Mitigating Global Warming: A Botanical Approach, Part 2
Brian M. Boom, Ph.D., is Vice President for Conservation Strategy at The New York Botanical Garden.
My recent post on Science Talk focused on the importance of planning and executing a coordinated, worldwide scaling-up of ecosystem restoration efforts in order to maximize the potential role of plants in mitigating global warming. At least as important as ecosystem restoration is the need to safeguard the quantity and quality of existing intact ecosystems. Indeed, in a recent report, larger trees were shown to be more efficient at capturing carbon than smaller trees, so mature trees in healthy ecosystems are essential to the efficacy of a botanical approach to mitigating global warming. Another recent report, suggesting that as the climate warms, plants will absorb less carbon dioxide, reinforces the urgency of restoring ecosystems and protecting natural areas.
NYBG scientists are helping to safeguard protected natural areas by documenting their plant diversity and sharing that information with land managers and policymakers. For example, Associate Curator Benjamin Torke, Ph.D., is leading one such research project in Brazil’s Tapajós National Forest and nearby Amazonia National Park, discussed in a previous post on Science Talk and profiled in greater depth here. NYBG has “boots on the ground” in six Areas of Botanical Concern (ABCs), which are regions where conservation action is urgent and NYBG is well positioned to have a major influence on conservation outcomes: North America, the Caribbean, Southeast Asia, Pacific islands, the Atlantic Coastal Forest of Brazil, and Amazonia.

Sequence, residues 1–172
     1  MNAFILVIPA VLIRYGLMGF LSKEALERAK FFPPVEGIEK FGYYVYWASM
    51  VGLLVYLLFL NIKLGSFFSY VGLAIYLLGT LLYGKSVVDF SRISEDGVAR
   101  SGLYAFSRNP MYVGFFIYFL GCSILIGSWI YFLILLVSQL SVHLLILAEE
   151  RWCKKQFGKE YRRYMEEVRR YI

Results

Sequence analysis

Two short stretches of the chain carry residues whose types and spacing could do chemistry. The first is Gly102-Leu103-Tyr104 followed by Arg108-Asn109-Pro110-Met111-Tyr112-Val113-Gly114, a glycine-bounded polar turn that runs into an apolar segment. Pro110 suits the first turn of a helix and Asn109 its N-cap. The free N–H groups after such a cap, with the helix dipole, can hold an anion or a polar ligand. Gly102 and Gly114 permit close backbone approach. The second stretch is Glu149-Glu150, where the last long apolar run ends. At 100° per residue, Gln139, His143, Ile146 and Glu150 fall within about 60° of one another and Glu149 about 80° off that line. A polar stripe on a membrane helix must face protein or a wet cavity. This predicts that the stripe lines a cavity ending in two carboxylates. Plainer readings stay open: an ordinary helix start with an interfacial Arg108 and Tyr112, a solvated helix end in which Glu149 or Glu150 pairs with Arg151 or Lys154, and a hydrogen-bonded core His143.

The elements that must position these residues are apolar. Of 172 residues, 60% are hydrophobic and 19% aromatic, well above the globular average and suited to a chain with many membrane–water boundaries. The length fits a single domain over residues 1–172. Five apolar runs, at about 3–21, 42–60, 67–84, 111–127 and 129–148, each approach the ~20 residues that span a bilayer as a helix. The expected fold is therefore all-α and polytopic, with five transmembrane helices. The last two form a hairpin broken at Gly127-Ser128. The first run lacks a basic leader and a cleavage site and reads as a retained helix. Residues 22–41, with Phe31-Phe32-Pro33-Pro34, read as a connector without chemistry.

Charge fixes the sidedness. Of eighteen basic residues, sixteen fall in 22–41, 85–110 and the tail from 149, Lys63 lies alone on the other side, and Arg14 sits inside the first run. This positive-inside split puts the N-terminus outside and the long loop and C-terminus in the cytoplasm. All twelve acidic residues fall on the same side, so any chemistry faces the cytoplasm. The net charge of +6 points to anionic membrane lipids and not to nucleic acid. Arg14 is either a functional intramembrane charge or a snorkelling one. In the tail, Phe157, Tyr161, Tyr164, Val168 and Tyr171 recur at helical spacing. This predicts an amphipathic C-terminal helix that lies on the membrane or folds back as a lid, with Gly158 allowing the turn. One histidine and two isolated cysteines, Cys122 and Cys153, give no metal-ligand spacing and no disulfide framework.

The Protected Planet Report 2018 confirms that almost 15 percent of Earth’s land surface and inland water and slightly more than seven percent of the global ocean are now protected. It is absolutely essential for the well-being of the planet that these areas are maintained intact, not only for their role in capturing carbon but also because they provide vital refuges for Earth’s diverse plants, animals, fungi and microbes. Actually, the world needs many more protected areas, as advocated eloquently in a New York Times essay, The 8 Million Species We Don’t Know, by NYBG’s Distinguished Counsellor to the Board, Edward O. Wilson, Ph.D.
Saving the plants of the world is a key component of #plantlove, NYBG’s 2019 theme announced earlier this week, a yearlong exploration of the essential connections between plants, people, and the environment. We’ll be showing our love with exciting exhibitions, programs, and projects to help you see plants, know plants, save plants. Learn how you can take action and join us in spreading the #plantlove.